By Laura Matusheski, University of Delaware sophomore and intern for the University of Delaware Center for Political Communication
Visit the National Agenda page to learn more about the National Agenda 2019 speaker series including "Speaking from the Left" with Dan Pfeiffer and "Speaking from the Right" with Tara Setmayer.
MAY 11, 2020—America's political landscape is dominated by two opposing parties, but what if it were on a spectrum? Is there a way to understand each other from the other side, especially in a time of global crisis? At a virtual "Happy Hour" on Zoom, hosted by National Agenda Director Lindsay Hoffman, Ph.D., guests Dan Pfeiffer and Tara Setmayer discussed how Americans can meet across the aisle.
After the University of Delaware transitioned to online instruction last March in response to the coronavirus pandemic, Hoffman invited current National Agenda students and alumni to attend weekly reunions, featuring past National Agenda speakers as surprise guests. On April 29, Hoffman welcomed Pfeiffer and Setmayer, who spoke at the 2019 series on September 6 and October 2, respectively.
Pfeiffer, a former communications director and senior advisor to President Barack Obama, joined the first 30 minutes of the Zoom conversation. In 2017, he began co-hosting Pod Save America, a politically progressive podcast. Pfeiffer is also a political activist and New York Times best-selling author of two novels. A native Delawarean, he resides in the San Francisco Bay Area with his wife and daughter.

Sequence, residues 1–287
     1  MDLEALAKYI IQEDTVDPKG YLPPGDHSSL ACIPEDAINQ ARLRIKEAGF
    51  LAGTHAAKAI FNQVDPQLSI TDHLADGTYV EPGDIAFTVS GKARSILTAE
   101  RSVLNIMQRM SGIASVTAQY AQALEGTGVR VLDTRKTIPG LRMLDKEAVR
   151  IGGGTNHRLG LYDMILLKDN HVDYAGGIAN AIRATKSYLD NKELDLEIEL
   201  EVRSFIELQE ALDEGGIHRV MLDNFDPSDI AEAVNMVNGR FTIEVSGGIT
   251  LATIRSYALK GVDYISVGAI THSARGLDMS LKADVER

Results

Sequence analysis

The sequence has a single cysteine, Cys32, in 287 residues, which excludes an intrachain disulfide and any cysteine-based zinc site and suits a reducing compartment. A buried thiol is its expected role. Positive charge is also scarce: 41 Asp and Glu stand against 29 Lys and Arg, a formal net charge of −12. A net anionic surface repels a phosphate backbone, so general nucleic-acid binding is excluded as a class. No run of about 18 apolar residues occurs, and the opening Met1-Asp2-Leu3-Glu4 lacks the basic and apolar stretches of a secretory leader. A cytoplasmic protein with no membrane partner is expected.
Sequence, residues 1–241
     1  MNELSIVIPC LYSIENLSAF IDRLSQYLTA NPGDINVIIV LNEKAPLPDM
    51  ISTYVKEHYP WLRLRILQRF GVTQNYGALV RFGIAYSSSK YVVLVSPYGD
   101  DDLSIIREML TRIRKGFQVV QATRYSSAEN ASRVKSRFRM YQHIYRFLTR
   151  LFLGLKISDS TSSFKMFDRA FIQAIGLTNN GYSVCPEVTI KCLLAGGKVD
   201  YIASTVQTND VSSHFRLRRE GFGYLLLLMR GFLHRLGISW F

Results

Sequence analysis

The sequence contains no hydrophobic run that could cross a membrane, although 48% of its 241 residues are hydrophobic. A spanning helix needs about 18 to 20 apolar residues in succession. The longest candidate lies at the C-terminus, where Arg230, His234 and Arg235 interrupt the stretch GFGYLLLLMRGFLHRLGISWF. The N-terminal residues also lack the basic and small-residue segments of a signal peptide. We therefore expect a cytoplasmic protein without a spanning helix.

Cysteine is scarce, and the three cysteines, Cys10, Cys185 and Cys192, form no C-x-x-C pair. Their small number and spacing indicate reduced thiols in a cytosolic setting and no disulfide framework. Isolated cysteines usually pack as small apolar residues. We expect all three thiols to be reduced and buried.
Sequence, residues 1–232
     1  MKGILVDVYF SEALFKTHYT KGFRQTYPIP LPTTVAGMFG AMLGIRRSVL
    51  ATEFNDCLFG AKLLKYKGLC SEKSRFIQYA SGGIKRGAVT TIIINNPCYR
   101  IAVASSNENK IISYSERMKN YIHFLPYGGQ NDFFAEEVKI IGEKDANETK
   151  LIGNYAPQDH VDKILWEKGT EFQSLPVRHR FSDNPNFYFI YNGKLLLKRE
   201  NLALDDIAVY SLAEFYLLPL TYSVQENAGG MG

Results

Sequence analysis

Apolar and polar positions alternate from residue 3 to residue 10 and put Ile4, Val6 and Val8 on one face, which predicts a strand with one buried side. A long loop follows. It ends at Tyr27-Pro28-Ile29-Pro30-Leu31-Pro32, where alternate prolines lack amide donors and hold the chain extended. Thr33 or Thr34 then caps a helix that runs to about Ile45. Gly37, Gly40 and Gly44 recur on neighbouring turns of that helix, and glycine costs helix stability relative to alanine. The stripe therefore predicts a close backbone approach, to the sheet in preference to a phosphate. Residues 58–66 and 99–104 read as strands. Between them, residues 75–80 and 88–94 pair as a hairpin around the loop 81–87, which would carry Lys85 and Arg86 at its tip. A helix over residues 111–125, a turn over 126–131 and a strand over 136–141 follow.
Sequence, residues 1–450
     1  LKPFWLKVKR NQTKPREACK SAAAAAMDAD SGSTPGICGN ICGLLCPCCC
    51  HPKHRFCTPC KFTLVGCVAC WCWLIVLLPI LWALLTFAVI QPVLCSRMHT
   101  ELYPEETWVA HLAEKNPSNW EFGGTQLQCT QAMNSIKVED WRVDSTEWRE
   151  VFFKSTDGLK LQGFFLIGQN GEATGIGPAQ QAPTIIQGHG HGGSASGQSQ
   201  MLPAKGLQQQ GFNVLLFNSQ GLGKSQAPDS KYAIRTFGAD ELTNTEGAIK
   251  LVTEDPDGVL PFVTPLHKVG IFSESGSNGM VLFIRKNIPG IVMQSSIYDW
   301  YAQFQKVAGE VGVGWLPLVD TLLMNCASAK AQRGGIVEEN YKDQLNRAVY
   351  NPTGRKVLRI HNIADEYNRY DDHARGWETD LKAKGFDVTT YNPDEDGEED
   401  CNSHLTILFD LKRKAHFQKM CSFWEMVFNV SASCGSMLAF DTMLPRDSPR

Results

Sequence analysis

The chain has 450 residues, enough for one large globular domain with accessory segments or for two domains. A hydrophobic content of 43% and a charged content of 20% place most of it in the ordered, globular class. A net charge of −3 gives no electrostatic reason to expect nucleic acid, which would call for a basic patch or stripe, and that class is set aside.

National Agenda alumna Natalie Haytayan (AS19) asked if the coronavirus pandemic brought even more pressure to the already constant barrage of political news. “I’ve always lived in politics,” Pfeiffer responded, “but the things that we used to be able to enjoy we no longer have. And we can no longer get the break we need. Early on during quarantine, I made myself watch the Trump press conference every day. After a while, I felt like I couldn’t do this every day, both physically and emotionally.” He also noted how important it is to carve out leisure time in your daily life in order to stay sane amidst the crisis.
Another alumna, Georgina Class-Peters (AS16, 17M), noticed how much the COVID-19 outbreak has pulled at the heartstrings of news reporters, and how they are talking more personally when asking political leaders questions about our future. She asked him if this will have a lasting impact on journalism as a whole, and whether journalism as we know it is gone forever.
“There will always be a place for “just-the-facts” journalism. But in a social media-driven world, we are moving more towards it.” he said, “The question will be whether consumers of media catch up to this.” With the constant bombardment of news, he recognized, it makes it harder to find specific pieces of information. In turn, this has made consumers of media overwhelmed with news, and as he calls it: “uncomfortably numb.” Podcasts will not replace news media, said Pfeiffer, but added they will help immerse their audience into the depths of a variety of topics.